It quickly becomes apparent that Trinity and the enormous man, an omnipotent bearded buffoon with squinty eyes—comically called Bambino (baby), are half-brothers. Bambino (played by Bud Spencer) is merely posing as the sheriff of the small town while he awaits the arrival of his gang from the penitentiary from which he escaped. He is not happy to see his troublemaking brother. However, the two form a temporary partnership to deal with Major Harriman (Farley Granger), who is attempting to run a group of pacifist Mormon farmers off their land with the intention of using their property to graze his own horses. The fact that these horses are valuable and unbranded explain Bambino's grudging willingness to work with his little brother even though he considers Trinity to be a shiftless bum without ambition.

However, Trinity has fallen in love with two Mormon sisters and is genuinely concerned with the Mormon settlers' welfare. He persuades Bambino and Bambino's henchmen to help train the pacifistic Mormons to fight, and in the final battle, the Mormon leader finds in the Book of Ecclesiastes in the Bible that "there is a time for fighting," and the Mormons are unleashed against Major Harriman's goons, using the dirty fighting tricks they have just learned.

Bambino is flabbergasted and then infuriated to learn that Trinity has given the Major's horses to the Mormons. Trinity is about to be happily married to the two Mormon sisters when he learns to his horror that being a married Mormon means actually having to work. So he skips out and goes after Bambino. But his brother has had enough of him and sends him off in the opposite direction. Trinity gets the last laugh, though. He directs the real sheriff (who has come looking for Bambino) in Bambino's direction

 I believe that this is the movie which you are looking for.If you like this movie a sequel. Trinity is Still My Name was produced in 1971 if you want to pursue it.
 It has been my personal pleasure to help you and if you have any further questions do not hesitate to get in touch with me again

Take care and be blessed,
Bruce Simon


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Bruce Simon


I can answer virtually any question concerning TV westerns since 1950. I also have collected Western movies faithfully since 1984 and own several hundred (prominent ones such as High Noon or How the West was Won) as well as B movies and below (White Comanche and The Sundowners)I own rare TV series such as Yancey Derringer,the 13 episodes of Tate with David Maclean, and select episodes of Judge Roy Bean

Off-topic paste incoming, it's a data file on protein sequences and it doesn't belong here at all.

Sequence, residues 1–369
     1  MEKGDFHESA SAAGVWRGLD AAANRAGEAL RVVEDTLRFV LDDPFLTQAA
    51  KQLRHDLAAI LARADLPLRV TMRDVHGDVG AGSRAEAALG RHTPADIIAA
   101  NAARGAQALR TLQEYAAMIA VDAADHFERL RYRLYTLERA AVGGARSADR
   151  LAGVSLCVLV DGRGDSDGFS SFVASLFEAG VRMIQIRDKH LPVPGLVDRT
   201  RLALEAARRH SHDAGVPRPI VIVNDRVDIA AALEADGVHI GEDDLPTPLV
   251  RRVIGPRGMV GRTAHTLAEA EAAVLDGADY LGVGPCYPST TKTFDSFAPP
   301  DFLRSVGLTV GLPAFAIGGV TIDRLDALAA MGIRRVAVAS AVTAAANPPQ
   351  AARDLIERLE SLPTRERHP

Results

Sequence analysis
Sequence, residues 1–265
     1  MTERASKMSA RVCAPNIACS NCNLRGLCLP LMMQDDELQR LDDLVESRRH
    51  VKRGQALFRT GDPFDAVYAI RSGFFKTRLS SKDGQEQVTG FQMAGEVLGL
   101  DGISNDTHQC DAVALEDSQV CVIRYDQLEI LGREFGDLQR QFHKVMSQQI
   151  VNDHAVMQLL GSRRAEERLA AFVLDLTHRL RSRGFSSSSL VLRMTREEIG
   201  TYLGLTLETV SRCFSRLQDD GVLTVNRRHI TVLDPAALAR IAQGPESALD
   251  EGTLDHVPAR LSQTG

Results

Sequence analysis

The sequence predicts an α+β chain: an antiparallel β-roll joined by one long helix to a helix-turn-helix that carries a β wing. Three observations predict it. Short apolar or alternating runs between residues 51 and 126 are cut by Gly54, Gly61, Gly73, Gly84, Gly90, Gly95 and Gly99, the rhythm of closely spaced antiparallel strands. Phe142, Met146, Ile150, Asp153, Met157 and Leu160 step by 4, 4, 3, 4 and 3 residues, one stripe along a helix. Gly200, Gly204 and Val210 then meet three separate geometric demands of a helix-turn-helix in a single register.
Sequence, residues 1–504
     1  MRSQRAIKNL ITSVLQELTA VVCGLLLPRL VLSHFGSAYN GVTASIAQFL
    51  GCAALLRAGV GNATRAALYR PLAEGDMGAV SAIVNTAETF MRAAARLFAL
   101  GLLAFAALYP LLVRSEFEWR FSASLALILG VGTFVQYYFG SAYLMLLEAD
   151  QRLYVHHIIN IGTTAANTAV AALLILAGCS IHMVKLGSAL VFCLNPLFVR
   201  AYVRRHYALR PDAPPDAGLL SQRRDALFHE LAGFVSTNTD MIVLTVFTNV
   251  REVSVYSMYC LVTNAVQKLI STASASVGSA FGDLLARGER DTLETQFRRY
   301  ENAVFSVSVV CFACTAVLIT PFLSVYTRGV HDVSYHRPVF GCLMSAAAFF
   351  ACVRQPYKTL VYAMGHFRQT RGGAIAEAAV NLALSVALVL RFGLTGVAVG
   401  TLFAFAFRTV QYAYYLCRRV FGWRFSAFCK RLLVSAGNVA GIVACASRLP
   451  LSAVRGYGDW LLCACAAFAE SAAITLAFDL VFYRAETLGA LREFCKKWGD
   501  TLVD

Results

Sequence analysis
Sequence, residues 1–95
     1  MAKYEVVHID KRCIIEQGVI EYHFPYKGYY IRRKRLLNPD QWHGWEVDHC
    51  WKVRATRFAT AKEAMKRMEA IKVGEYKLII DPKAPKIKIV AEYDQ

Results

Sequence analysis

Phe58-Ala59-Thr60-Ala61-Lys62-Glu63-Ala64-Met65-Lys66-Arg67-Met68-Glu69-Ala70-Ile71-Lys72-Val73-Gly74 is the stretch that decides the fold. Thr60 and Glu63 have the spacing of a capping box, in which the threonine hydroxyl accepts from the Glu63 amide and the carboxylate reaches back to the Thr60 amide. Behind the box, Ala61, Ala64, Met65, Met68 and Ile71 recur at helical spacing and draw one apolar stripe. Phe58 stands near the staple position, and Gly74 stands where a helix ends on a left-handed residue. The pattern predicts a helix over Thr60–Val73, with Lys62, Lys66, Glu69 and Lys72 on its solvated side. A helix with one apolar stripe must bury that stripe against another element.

I have been a Western aficionado since the age of 8 (so for the last 50 years). I have been a faithful collector of Lone Ranger episodes and memorabilia since the early 1970s. I find myself drawn more to the black and white series because I find color an unnecessary plot distraction and love to study the evolution and settlement of the Old West through the leather bound Time-Life series on the West. The principal factor which attracts me to this period is the consistent triumph of virtue over vice. The forces of evil, no matter how malevolent, are never victorious in any Western. So I am appreciative of the inflexible morality set forth in most Western series

I have belonged to 5 different churches in 35 years where I have held posts of Sunday school teacher, outreach leader, and board member. Since my retirement to Rowlesburg, West Virginia, I have held the post of Town Park Commissioner for 2 years and anticipate a position on our Town Council beginning in July.

I was a free lance book reviewer for the Richmond Times Dispatch for 15 years, I reviewed 129 books during this period. I also reviewed 25 books for Style Weekly, an independent publication.

I have a BA in English Literature and a minor in Linguistics from Virginia Commonwealth University. I graduated in 1976. I also had a half year of Bible College from New Life Outreach in Richmond, Virginia (1984-1985)

Awards and Honors
While employed by the Richmond Public Library for 29 years, I have been honored for outstanding customer service and have received awards for creative programming for Young Adults on 2 occasions.

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I am still an expert for the category of mystery fiction on this website.